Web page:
Pictures of book covers link to the book at Amazon. Required verbiage: “As an Amazon Associate I earn from qualifying purchases.”
Pathmarks (GA 9). Edited by William McNeill, Cambridge University Press, 1998.
Table of Contents
Originally published in 1967, by Vittorro Klostermann, Frankfurt. The Gesamtausgabe edition of this book begins with a dedication to Kurt Bauch
There's an excerpt from "What is Metaphysics?" on anxiety manifesting the nothing here.
In the lecture on Aristotle, written in 1939, Heidegger studies Aristotle's treatment of φύσις. In the Physics Aristotle differentiates between the being of animals and plants, which reproduce themselves, from the being of things built by men. Through out the lecture Heidegger provides explanations of several key terms used by Aristotle that differ from the traditional translations of those terms. For Aristotle an essential feature of φύσις was κίνησις, motion. Heidegger remarks that Aristotle was the first to understand movement as the fundamental mode of being. To Aristotle the motion of all beings, was evident by ἐπαγωγής, usually translated as "induction."
Ἐπαγωγής does not mean running through individual facts and series of facts in order to conclude something common and "general" from their similar properties. Ἐπαγωγής means "leading toward" what comes into view insofar as we have previously looked away, over and beyond individual beings. At what? At being.
Aristotle uses αἴτιον, origin or cause, and Heidegger cautions against thinking of cause as "causality", of one being acting on another, but inside as originary cause. Aristotle then uses ἀρχή, , a more definite term, in place of αἴτιον.
Ἀρχή means, at one and the same time, beginning and control. On a broader and therefore lower scale we can say: origin and ordering.
Φύσις is ἀρχή, i.e., the origin and ordering of movedness and rest, specifically in a moving being that has this ἀρχή in itself. We do not say "in its self" because we want to indicate that a being of this kind does no have the ἀρχή "for itself" by explicitly knowing it, insofar as it does not "possess" "itself" as a self at all.
Aristotle defines φύσις as ἀρχή χίνήσεως. He understood the change to not be merely a change in location, but also a change in time--the change in a tree through the seasons.
Φύσις is ἀρχή χίνήσεως, origin and ordering of change, such that each thing that changes has this ordering within itself.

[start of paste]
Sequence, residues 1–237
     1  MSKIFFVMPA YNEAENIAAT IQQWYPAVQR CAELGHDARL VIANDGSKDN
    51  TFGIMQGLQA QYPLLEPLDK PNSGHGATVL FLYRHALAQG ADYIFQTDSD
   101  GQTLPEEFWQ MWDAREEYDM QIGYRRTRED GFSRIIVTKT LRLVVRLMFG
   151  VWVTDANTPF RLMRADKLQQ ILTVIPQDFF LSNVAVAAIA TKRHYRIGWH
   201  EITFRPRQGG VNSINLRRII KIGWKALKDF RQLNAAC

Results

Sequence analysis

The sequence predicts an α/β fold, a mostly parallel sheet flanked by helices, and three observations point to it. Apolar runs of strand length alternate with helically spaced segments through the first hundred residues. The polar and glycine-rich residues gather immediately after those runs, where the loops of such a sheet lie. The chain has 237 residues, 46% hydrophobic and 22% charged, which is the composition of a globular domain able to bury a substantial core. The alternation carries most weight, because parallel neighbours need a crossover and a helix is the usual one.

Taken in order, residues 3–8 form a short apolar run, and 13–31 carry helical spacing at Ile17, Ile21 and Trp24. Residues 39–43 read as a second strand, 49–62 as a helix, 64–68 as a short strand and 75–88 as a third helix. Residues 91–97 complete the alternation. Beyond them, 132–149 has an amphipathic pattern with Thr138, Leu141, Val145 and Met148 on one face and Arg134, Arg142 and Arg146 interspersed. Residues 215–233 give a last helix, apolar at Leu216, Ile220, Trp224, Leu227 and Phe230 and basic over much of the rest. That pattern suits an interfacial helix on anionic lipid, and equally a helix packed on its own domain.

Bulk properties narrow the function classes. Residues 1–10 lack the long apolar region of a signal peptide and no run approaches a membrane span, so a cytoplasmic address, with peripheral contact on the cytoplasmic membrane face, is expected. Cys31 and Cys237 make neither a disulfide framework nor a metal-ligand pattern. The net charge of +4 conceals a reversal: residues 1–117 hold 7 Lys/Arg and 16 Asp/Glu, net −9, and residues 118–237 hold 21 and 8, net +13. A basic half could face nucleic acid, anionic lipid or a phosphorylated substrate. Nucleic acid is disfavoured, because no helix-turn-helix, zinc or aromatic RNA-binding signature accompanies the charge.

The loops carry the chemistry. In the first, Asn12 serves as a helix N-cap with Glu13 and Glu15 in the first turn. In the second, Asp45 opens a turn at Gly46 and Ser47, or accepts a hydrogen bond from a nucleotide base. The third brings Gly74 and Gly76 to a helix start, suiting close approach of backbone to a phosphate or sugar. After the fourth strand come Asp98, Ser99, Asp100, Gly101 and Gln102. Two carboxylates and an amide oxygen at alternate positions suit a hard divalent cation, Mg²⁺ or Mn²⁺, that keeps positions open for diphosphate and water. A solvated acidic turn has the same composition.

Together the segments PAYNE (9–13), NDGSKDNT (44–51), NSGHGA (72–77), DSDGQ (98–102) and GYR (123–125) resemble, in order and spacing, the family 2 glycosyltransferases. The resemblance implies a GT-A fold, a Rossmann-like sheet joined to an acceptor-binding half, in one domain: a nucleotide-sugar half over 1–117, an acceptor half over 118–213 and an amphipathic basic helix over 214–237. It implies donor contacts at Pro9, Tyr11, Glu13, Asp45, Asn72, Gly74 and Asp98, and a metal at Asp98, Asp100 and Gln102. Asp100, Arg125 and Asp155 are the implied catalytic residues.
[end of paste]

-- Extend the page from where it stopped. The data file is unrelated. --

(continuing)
Living things have their changes in themselves, but constructed objects are "artifacts". Their movement comes from artifacts having been planned, and then made. The ἀρχή of an artifact, of something made, is τέχνη.
Τέχνη does not mean "technique" in the sense of methods and acts of production, nor does it mean "art" in the wider sense of an ability to produce something. Rather, τέχνη is a form of knowledge; it means: know-how in, i.e., familiarity with, what grounds every act of making and producing. It means knowing what the production of, e.g., a bedstead, must come to, where it must achieve its end and be completed.
To build a table, we know the end result, a table. We can make a plan, specify the form of the table we want. Τέχνη gets you from the plan to the finished table. Τέχνη is not the physical activity of making a table, but the know-how to get it built. Τέχνη is the ἀρχή, the origin and ordering of the change that produces the artifact.
In The Letter on Humanism Heidegger describes language in terms of being.
In its essence, language is not the utterance of an organism; not is it the expression of a living thing. Not can it be thought in an essentially correct way in terms of its symbolic character, perhaps not even in terms of the character of signification. Language is the clearing-concealing advent of being itself.
Kant's Thesis about Being explains ontotheology.
The question "What are being?" includes also the question, "Which being is the highest and in what way is it?" The question is about the divine and God. The province of this question is called theology. The duality of the question about the being of beings can be brought together in the title "onto-theo-logy." The twofold question, What are beings? asks on the one hand, What are (in general) beings? The question asks on the other hand, What (which one) is the (ultimate) being?
Obviously, the twofold quality of the question about beings must result from the way the being of beings manifests itself. Being manifests itself in the character of that which we call ground. Beings in general are the ground in the sense of foundation upon which any further consideration of beings takes place. That which is the highest being is the ground in the sense of that which allows all beings to come into being.
Send additions, corrections or whatever to email@example.com. Don't forget to put your comments in context (what page, what your going on about, etc.)! Include your email address so that I can reply.
Back to Heidegger books page.
Back to Heidegger home page.